If you are like me, an emotional eater, you eat for reasons other than hunger. Does this sound familiar to you? At night when I sit and watch TV, I think about eating ice cream. I visualize all the good chocolate swirl and nuts included in each bite. Before long I look at the clock and realize that the store will soon be closed and before I know it, I’m in line purchasing one or two half gallons of my favorite ice cream.

What happened to me? What can I do about it?

Emotional eating has been described as eating to satisfy emotional feelings rather than physical hunger. What we are doing is feeding a feeling, usually a negative one. Ever hear of the term “comfort food” (sweets or junk food)? We are trying to make ourselves feel better by eating an enjoyable treat. The good feeling only lasts for a short period of time. Then we will feel guilty and become upset with ourselves. Depression sets in generating an even more negative feeling and mood.

Emotional eating creates a vicious circle, eating to satisfy a feeling, generating short term enjoyment, then guilt, creating more negative feelings and then more eating to feed that feeling. As I know, this cycle leads to obesity and health problems. I am not going to hammer you with all the problems associated with obesity. Such as health problems, physical discomfort, lack of mobility, and the treatment by and acceptance of society. You, like me, experience it all day long, each and every day.

What I am going to do is tell you how I have come to deal with this problem. After being in so many weight loss programs, I have come to realize that my emotional eating usually has a trigger. Some of my triggers include: an anxious state of mind, dealing with a deadline, feeling sorry for myself or I am in an uncomfortable situation. Sometimes, it is a simple and positive trigger such as food nearby, smelling great and everybody eating and enjoying it.

How do I recognize emotional eating rather than physical hunger?

First – Emotional eating usually craves one type of food (ice cream for me) and only that food will satisfy the craving. Where as, if I was physically hungry, then any food choice will satisfy me.

Second – An emotional craving comes on quickly and needs to be satisfied now. Physical hunger gradually builds up, but I can delay my eating.

Third – If I am emotionally eating, I will eat and continue to eat beyond being full and stuffed. I do this, because I am trying to satisfy a feeling not hunger. On the other hand, when I am eating because I’m hungry, once I’m full, I stop eating.

Fourth – After I am finished with an emotional eating binge, I always feel guilty and make a promise to myself to do better. Of course I don’t keep that promise and I set myself up for another eating binge. To the contrary, if I have eaten because of hunger, then I don’t feel guilty and I’m satisfied with my meal.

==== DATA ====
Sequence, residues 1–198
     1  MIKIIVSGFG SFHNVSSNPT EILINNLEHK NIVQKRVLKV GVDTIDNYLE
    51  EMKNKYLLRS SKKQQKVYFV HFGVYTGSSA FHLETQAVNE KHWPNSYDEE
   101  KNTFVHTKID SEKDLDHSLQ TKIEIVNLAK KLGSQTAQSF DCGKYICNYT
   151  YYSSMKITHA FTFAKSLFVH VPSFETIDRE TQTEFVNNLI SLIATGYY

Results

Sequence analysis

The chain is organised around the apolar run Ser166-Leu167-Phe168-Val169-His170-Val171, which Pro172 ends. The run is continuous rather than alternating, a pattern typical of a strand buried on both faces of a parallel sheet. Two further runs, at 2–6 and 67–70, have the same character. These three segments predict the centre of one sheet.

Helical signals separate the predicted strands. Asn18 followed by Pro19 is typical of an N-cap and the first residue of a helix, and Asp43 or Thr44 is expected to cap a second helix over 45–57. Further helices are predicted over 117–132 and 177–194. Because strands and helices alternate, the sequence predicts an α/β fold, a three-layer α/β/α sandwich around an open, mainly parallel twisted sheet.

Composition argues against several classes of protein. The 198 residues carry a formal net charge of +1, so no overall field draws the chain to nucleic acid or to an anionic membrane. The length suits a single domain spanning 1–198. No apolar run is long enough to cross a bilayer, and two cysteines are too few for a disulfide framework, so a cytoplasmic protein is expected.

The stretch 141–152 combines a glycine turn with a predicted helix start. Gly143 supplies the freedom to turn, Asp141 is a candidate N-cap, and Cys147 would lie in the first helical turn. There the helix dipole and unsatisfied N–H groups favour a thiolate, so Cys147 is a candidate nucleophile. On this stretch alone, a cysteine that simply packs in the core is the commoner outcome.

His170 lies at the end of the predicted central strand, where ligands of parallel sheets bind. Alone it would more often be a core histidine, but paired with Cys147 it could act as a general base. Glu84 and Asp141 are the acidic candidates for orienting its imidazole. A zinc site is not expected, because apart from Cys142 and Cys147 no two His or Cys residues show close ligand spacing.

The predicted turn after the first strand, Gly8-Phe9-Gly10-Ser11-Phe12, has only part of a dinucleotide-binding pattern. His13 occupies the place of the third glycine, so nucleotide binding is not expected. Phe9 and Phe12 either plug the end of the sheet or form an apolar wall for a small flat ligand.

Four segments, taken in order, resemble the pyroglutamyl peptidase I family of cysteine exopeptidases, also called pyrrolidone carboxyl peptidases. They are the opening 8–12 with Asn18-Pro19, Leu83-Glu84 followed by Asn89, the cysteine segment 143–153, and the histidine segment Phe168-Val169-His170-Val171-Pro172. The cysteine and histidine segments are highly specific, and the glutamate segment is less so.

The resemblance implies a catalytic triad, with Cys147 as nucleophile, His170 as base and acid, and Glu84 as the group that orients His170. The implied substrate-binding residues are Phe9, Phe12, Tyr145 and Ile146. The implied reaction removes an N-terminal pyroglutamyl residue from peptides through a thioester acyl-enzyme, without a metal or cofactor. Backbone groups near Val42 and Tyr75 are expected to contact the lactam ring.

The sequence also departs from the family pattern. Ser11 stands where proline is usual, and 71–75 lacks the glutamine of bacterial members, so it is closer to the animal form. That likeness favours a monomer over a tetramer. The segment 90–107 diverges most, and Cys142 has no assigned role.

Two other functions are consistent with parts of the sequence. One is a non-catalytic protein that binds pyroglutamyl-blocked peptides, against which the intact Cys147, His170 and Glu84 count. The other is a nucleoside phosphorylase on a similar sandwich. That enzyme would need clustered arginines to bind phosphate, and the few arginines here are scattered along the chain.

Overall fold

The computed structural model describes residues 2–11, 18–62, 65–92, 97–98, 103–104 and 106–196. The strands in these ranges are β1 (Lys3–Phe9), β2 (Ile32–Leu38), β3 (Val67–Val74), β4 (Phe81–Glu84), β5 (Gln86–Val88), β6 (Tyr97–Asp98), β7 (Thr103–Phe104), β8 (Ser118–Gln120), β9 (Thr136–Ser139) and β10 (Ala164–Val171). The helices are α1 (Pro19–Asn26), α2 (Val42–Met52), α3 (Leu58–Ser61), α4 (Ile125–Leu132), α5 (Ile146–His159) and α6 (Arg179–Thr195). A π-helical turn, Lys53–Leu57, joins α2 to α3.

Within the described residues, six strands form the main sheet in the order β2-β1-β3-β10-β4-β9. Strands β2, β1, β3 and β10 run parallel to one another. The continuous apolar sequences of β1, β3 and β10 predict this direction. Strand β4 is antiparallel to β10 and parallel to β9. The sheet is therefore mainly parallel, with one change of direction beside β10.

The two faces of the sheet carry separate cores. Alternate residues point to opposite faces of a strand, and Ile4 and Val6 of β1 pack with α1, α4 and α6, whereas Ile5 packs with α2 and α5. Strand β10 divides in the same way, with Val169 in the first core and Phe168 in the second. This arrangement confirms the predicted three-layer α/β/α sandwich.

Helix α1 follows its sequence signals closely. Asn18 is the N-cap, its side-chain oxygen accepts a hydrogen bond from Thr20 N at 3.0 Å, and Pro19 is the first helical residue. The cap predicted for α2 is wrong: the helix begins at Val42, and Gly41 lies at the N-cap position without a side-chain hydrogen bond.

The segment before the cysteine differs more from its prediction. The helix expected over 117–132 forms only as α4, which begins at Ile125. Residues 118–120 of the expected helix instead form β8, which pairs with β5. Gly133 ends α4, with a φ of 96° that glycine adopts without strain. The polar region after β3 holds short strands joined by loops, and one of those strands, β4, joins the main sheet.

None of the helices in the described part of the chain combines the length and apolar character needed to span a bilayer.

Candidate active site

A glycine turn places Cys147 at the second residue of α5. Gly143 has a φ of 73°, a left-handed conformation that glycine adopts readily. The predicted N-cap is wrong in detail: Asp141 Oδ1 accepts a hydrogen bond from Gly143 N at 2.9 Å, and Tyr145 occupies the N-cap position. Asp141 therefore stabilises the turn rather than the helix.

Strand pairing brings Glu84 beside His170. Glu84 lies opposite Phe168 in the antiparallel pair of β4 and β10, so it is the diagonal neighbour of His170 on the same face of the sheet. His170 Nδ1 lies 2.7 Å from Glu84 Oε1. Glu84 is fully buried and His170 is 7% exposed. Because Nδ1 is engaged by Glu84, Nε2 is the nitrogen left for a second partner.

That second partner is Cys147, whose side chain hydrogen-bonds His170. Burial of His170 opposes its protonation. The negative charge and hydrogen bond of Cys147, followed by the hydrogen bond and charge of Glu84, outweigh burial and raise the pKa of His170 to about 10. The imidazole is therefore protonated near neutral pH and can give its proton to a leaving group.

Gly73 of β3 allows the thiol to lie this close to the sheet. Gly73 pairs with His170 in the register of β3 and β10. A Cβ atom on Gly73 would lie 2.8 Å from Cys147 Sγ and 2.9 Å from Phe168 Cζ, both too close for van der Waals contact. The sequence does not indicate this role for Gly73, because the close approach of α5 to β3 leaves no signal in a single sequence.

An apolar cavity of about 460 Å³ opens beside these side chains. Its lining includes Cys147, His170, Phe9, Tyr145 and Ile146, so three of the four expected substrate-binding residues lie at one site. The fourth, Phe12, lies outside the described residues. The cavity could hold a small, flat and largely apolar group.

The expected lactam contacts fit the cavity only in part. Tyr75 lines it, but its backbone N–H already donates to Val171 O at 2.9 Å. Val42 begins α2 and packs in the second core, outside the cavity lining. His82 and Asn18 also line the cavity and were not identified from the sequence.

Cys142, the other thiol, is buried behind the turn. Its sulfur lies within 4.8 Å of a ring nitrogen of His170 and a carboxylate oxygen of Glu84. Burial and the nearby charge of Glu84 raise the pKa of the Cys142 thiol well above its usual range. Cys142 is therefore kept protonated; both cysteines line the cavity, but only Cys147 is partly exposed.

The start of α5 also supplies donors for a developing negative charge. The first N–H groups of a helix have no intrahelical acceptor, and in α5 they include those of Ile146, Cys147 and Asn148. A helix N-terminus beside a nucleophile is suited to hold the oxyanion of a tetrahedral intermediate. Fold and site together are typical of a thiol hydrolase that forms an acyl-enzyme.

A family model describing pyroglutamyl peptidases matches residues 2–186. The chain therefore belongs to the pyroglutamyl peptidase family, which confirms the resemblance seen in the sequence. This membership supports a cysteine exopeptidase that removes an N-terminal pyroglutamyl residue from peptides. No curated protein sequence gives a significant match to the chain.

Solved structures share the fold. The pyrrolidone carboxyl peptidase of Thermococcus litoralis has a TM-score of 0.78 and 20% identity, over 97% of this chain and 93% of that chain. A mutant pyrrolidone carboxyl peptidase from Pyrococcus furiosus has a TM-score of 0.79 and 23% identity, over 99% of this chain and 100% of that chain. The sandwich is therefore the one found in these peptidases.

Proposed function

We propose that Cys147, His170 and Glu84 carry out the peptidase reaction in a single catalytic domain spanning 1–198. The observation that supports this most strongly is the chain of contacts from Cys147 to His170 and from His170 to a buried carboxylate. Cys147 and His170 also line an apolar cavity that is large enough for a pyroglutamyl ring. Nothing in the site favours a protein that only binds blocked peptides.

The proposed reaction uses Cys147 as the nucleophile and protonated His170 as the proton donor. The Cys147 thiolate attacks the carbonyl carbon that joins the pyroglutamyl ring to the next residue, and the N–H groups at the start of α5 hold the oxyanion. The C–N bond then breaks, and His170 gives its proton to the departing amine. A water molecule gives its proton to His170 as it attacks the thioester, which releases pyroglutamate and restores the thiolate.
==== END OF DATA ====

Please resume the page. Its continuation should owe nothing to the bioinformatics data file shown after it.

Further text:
Fifth – I have come to realize that some of my emotional eating is due to positive feelings such as celebrating with friends and co workers. In these situations, I usually over indulge food wise and find that socially drinking also becomes an unwanted source of calories. The good feelings generated by the celebration is enhanced by good food and drink. I have found that in these instances it is best to eat beforehand and enjoy the company of my friends and not the food and drink.

I use food as a distraction which keeps me from having to deal with an issue. It seems to me that my strongest cravings come when I am at my weakest emotionally.

There are many feelings that prompt emotional eating. These include: stress, anger, fear, boredom, sadness, loneliness, not belonging and not feeling good enough. What we must do is learn how to recognize these feelings and their triggers. The best method I know of is to keep a “Food Journal”.

The “Food Journal” should include the time we eat, what we eat, number of calories consumed and the reasons why we ate. This documentation process is a key component to our lifestyle change. We need to know our eating habits so that we can come to understand, recognize and control our emotional eating episodes.

What can we do about emotional eating?

First – Have an alternative to eating. Make a list of enjoyable self help pastimes such as listening to Weight Loss Clearing Audios, perform an EFT Session, or meditate with affirmations. You could do any physical activity such as a walking or any other exercise found in the “Calories Burned Chart” found at How Can I Lose Weight Challenge. You could call a friend, write in a blog or join a support group forum.

Second – Take away temptation by not having your cravings in the house. Make it difficult to go and get what you crave.

Third – Keep healthy food choices such as fruits and vegetables nearby. When those emotional eating binges come, recognize the situation and if you must eat, substitute a healthy choice instead of junk food.

Emotional eating can become harmful to our well being. If we are unable to control our eating, then seeking a Doctor’s counseling may be what is needed. Usually, documenting in our “Food Journal”, substituting an alternative activity and home food management will help to overcome our desire to eat emotionally.



Source by David Duane Wilson